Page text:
So most likely what you're experiencing is just I/O performance and totally unrelated to the SoC in question. When you're running off an SD card with a recent Armbian install you could give

armbianmonitor -c $HOME

a try (will check the whole partition where $HOME resides and also measures sequential and random I/O performance and provides warnings if too low). In case you use a large and slow SD card this test can take ages so better have a look for the iozone call from the aforementioned 'SD card performance' thread.

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Oh, I did not know those things ! So in some cases board without "real SATA" but with 4.x.x kernel and UASP capable USB to SATA adapter will get almost the same speed (I am talking for HDD transfer speed) as board with SATA and even more if 2 adapters are plugged ...  can use raid ... great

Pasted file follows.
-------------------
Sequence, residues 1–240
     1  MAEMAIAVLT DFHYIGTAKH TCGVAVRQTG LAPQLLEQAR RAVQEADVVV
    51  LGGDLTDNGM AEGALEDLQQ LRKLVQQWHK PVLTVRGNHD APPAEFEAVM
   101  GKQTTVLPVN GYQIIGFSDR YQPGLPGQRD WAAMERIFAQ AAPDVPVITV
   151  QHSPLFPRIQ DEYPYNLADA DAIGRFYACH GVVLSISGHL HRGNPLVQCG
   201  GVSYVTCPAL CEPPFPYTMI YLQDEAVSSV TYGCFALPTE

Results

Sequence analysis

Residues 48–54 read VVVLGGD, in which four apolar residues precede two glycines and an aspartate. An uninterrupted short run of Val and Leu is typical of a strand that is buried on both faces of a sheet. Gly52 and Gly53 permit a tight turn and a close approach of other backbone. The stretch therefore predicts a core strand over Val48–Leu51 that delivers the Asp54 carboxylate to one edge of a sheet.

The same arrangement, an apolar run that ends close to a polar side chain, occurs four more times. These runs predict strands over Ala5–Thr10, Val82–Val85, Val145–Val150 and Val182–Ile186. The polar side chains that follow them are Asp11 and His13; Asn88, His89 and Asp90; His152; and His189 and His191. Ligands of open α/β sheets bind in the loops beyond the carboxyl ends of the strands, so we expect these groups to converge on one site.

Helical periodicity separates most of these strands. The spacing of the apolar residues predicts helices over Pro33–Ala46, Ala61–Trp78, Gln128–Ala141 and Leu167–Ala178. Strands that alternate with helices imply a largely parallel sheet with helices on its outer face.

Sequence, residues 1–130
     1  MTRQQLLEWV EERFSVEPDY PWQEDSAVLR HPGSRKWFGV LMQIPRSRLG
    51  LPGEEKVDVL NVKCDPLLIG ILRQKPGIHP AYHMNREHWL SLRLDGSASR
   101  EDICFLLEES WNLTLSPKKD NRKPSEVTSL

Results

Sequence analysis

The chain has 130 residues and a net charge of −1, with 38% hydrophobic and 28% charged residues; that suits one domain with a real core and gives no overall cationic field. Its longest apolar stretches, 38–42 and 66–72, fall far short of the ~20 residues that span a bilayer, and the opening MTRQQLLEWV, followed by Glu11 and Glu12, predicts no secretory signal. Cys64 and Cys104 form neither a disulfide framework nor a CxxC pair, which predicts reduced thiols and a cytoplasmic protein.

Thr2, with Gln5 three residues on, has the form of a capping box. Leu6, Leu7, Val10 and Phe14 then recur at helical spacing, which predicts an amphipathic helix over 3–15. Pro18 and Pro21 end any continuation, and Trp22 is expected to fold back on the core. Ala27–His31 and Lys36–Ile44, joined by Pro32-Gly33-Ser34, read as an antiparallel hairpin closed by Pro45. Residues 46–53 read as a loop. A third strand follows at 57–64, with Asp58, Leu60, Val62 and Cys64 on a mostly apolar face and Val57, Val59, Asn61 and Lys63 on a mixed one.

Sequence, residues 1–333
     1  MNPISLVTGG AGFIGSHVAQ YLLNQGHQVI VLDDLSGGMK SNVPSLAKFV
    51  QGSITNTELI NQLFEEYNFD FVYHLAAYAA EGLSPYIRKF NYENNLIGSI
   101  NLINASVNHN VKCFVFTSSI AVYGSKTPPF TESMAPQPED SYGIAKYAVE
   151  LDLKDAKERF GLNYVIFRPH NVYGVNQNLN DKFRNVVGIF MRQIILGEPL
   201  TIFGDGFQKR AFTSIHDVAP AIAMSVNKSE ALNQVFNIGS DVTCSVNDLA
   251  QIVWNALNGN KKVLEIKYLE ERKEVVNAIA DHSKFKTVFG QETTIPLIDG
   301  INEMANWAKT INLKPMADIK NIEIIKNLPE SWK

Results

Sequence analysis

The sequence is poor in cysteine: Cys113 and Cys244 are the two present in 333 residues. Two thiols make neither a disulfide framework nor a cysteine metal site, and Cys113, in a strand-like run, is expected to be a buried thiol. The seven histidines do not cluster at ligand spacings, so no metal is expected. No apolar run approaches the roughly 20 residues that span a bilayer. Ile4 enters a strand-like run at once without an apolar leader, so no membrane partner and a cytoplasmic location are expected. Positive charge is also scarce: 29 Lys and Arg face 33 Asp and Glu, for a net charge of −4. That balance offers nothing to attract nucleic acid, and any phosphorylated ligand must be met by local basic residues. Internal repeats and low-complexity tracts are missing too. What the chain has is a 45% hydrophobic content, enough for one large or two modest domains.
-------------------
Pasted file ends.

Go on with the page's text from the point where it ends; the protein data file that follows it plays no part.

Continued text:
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Oh, I did not know those things !

 

Obviously you missed the first sentence I wrote in this thread?

 

You should take an hour and read carefully through this article here: http://linux-sunxi.o..._devices_as_NAS

 

What's the reason putting all this stuff into a wiki article? To not repeat it again and again partially in different forum posts. But since people in 2016 lack reading skills more and more when the amount of text exceeds a typical tweet... ;)

 

BTW: RAID as most people try to implement it with SBCs is crap anyway. But since people love RAID and hate backup they should get what they deserve: data loss/corruption :)

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Do you mean that installing OS on USB flash drive would be better for Random I/O performance than running on a SD card? 

 

No. Since 'USB flash' is 'flash with USB controller' and SD card is 'flash with SDIO controller'. There are limitations by the host's interface (be it USB or SDIO) and there are controllers that manage the flash memory and there are the flash/NAND dies.